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Netanyahu claims tax exemption for all expenses in private home — report

Costs include food, electricity, and home repairs and amount to hundreds of thousands of shekels per year, Channel 13 says

Prime Minister Benjamin Netanyahu addresses the Knesset plenum on October 19, 2020. (Shmulik Grossman/Knesset Spokesperson)
Prime Minister Benjamin Netanyahu addresses the Knesset plenum on October 19, 2020. (Shmulik Grossman/Knesset Spokesperson)

Prime Minister Benjamin Netanyahu has reportedly claimed that all expenses incurred at his private home in Caesarea are related to fulfilling his duties as Israel’s premier, and he should therefore be exempt from paying taxes on them.

According to a Channel 13 report on Saturday, these expenses include food, electricity, and home repairs such as fixing window blinds, and amount to hundreds of thousands of shekels per year.

The Tax Authority recently turned to the Prime Minister’s Office to request details on which expenses in the home were for the purpose of Netanyahu fulfilling his role as prime minister, to which Netanyahu staffer Asher Hayun replied that it was all of them.

The Prime Minister’s Office said all of the expenses were approved by the premier’s accountant and legal adviser.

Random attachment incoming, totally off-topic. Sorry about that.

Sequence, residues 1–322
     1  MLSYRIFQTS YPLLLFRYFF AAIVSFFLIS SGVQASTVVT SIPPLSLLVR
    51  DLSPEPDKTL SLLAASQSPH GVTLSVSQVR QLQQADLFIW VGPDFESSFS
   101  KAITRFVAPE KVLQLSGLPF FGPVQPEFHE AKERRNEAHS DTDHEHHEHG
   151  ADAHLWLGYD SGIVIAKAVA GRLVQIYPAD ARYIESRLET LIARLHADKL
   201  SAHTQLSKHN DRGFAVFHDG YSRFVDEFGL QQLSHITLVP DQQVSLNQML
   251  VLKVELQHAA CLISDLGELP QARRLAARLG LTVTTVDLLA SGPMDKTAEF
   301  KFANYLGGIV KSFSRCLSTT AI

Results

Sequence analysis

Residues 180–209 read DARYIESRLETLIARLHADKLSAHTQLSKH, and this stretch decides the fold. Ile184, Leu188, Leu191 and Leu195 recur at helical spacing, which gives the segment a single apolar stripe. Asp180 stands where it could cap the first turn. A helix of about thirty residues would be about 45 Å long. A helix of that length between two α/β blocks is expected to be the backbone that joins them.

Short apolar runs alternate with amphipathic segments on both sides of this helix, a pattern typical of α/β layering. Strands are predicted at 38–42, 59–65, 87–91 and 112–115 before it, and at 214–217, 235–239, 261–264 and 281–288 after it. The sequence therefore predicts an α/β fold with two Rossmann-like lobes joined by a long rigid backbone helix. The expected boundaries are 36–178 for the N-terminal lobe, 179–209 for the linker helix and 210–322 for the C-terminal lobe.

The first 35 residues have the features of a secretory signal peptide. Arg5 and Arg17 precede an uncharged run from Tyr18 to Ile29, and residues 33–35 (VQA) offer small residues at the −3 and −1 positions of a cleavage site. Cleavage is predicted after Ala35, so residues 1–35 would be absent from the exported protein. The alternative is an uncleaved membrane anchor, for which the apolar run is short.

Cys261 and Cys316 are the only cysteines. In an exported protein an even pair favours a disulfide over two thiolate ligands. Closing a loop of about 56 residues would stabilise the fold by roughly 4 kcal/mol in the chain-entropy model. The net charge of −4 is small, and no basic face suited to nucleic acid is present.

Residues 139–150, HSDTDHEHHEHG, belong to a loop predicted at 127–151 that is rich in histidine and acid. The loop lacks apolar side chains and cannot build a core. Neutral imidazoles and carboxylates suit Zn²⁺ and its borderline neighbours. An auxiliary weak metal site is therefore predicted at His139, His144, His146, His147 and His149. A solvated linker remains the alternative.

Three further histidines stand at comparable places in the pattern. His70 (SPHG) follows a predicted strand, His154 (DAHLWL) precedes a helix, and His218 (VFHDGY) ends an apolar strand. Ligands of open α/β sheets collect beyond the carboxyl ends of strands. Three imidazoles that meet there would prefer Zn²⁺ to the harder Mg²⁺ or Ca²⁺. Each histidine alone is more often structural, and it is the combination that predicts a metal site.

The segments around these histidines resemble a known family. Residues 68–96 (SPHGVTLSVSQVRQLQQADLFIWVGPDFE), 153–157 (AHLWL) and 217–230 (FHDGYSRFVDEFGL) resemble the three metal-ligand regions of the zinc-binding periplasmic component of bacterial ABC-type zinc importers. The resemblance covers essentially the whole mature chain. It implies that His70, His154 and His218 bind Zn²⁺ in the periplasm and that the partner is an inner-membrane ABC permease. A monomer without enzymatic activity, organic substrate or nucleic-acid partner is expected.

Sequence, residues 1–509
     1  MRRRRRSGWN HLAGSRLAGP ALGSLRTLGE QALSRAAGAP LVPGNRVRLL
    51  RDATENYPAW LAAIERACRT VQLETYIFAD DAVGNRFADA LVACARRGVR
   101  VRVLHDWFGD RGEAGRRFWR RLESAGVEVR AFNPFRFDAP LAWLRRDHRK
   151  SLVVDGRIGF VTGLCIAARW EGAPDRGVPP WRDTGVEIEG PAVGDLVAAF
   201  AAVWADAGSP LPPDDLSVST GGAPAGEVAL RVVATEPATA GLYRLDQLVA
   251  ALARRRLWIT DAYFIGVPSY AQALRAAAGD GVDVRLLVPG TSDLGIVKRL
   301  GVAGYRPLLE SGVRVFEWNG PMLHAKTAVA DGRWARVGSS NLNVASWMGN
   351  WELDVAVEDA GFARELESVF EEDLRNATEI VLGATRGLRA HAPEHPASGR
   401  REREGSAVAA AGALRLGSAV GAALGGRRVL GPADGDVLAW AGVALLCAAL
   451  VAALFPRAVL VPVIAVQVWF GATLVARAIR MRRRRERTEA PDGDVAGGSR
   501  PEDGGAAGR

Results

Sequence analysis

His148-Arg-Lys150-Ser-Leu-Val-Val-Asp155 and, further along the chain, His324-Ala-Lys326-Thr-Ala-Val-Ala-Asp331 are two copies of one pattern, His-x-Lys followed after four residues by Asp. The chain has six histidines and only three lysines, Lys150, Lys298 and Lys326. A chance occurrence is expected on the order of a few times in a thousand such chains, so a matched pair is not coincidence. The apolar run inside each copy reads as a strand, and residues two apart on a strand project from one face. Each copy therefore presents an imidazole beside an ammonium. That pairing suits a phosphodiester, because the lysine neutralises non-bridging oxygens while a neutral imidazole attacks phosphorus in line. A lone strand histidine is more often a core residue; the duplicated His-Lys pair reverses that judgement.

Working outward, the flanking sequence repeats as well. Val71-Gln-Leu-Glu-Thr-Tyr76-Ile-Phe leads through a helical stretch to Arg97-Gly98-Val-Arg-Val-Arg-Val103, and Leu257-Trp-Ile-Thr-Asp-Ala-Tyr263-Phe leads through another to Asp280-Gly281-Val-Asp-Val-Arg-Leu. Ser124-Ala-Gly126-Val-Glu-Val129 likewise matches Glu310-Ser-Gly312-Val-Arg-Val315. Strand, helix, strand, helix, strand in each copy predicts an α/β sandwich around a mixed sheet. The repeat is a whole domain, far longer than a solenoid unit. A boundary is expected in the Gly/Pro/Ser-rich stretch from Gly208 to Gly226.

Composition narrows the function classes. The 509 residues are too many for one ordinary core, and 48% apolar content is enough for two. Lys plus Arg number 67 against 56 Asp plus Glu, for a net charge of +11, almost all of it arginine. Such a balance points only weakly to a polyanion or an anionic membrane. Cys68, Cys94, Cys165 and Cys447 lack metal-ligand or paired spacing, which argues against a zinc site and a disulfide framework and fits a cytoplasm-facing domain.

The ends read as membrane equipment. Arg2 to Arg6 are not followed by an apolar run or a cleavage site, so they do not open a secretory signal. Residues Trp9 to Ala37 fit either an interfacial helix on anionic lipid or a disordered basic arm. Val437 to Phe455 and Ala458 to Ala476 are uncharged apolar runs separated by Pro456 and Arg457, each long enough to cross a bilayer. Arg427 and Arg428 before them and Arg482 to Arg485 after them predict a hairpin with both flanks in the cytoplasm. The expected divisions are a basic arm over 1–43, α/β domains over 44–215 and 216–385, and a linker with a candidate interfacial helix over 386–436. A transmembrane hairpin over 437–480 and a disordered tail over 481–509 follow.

“When a prime minister moves from residence to residence he never ceases to be prime minister,” read a statement from the Prime Minister’s Office published by Channel 13. “Therefore, a procedure has been put in place that precisely defines the expenses that the state pays, and not a penny more. The state does not pay for the prime minister’s personal expenses at the residence in Caesarea. All of the payments for the residence are approved by the accountant and the legal adviser of the Prime Minister’s Office.

Earlier this year, Netanyahu drew sharp criticism after the Knesset Finance Committee voted to grant him controversial retroactive tax benefits worth an estimated NIS 1 million (some $270,000).

The benefits covered the cost of income tax Netanyahu owes due to upgrades to his vehicle, renovations at his private home in Caesarea, and other expenses dating back to 2009.

The Blue and White party was reportedly caught unawares by a clause added by Likud in the draft proposal of the unity deal sent to the committee, which stated that “income tax imposed on the prime minister between January 1, 2009, and December 31, 2017, for income derived from payments, services and benefits, outside of salary and stipends, will be at the expense of the state treasury.”

The clause effectively means Netanyahu will be absolved of all taxes not related to his salary or allowance.

Netanyahu was slammed for placing additional financial burdens on the state while the economy was — and still is — struggling due to the impact of the coronavirus outbreak and lockdown measures aimed at stopping its spread.

He had apologized for the timing of the committee hearing in June but said the approval was justified.

In 2018, the Knesset passed legislation that absolves the prime minister of taxes for many of his private expenses. The law gave Netanyahu, one of the wealthiest lawmakers in the Knesset, an effective raise of NIS 200,000 per year.

The legislative clauses pertain to the period prior to the passage of that legislation.

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